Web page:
Britain’s rarest freshwater fish, the Vendace, has made an unexpected reappearance in Bassenthwaite Lake in north-west England more than a decade after being declared ‘locally extinct’.The vendace found in this year's survey.  Photo: Ian Winfield.

A fish community survey of Bassenthwaite Lake which took place this autumn recorded a single young vendace specimen. The small size of the fish, only 54mm in length, makes it likely to be an underyearling, which would have hatched during the spring of this year.

Dr Ian Winfield from the Centre for Ecology & Hydrology (CEH) led this autumn’s survey. He said, “This finding of a single vendace individual is a very pleasant surprise and gives great encouragement to everyone involved in the restoration of Bassenthwaite Lake and its fantastic wildlife.”

Vendace is the UK’s rarest freshwater fish and a relic of the last ice age, with only four native populations ever having been recorded at two lochs in south-west Scotland and Bassenthwaite Lake and Derwent Water in north-west England. The populations in Scotland became locally extinct many decades ago, probably as a result of local nutrient enrichment, and vendace were last recorded in Bassenthwaite Lake in 2001. Until recently it was believed that only the Derwent Water population remained along with a refuge population in Loch Skeen in south-west Scotland, which was established using eggs from Bassenthwaite Lake in the early 2000s.

Dr Winfield and the scientific team have put forward three possible origins for the fish found this autumn.  First, it is possible that vendace have actually survived in Bassenthwaite Lake for the last 12 years at very low abundance (below the limit of detection) and may now be increasing in abundance. Second, it is possible that the fish has arrived in Bassenthwaite Lake by moving down the River Derwent from the population in Derwent Water. Third, it is possible that such downstream movement happened some time ago and the individual is the locally-spawned offspring of such colonisers.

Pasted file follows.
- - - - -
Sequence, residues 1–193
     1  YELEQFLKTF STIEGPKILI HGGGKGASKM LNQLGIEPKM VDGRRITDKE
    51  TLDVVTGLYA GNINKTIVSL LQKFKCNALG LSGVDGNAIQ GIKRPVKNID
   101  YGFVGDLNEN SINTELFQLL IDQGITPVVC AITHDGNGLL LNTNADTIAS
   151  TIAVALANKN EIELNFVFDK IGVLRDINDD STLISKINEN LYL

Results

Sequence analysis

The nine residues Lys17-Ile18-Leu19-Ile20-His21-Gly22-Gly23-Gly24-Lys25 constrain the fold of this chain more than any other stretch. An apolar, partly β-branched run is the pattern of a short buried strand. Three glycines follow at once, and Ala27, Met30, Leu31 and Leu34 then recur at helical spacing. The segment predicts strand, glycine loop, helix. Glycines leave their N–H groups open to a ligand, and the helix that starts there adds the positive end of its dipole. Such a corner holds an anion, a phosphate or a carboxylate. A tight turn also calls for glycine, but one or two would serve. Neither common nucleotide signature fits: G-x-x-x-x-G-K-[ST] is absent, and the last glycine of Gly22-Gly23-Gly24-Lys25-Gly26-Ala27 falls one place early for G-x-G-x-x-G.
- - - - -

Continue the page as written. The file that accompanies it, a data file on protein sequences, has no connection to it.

The fish community of Bassenthwaite Lake has been monitored by the Centre for Ecology & Hydrology since 1995 in a collaborative project with the Environment Agency. Each year, the abundance and composition of the fish community is assessed using state-of-the-art hydroacoustics (echo sounding) combined with limited netting.

Dr Winfield added, “Continued monitoring of the fish community of Bassenthwaite Lake will help us to understand what has happened and to inform appropriate conservation actions.”

Bassenthwaite Lake in north-west England. Photo: Dr Ian Winfield

Additional information

The Centre for Ecology & Hydrology issued a press release for this story. More information and contact details from the CEH Press Office.

Despite Bassenthwaite Lake and Derwent Water being designated as a European Special Area of Conservation to protect vendace the population of Bassenthwaite Lake was subsequently declared locally extinct following its last local sighting in 2001, with research carried out by the Centre for Ecology & Hydrology identifying a number of likely reasons for its demise including eutrophication, sedimentation and species introductions through a series of collaborative projects with the Environment Agency and Natural England.  Measures are currently in place to improve conditions in the lake, especially to reduce phosphate concentrations, although such recovery will be a slow process.

The fish community of Bassenthwaite Lake has been monitored by CEH since 1995 in a collaborative project with the Environment Agency.  In addition to documenting the local decline of the vendace which in part justified the establishment of a refuge population in south-west Scotland, these surveys have also increased our understanding of the dynamics of introduced fish populations which are a threat to biodiversity conservation at a global level.

Related CEH links

Bassenthwaite Lake case study, part of CEH's UK Lake Restoration research.

Virtual flyby of Bassenthwaite Lake (on YouTube)



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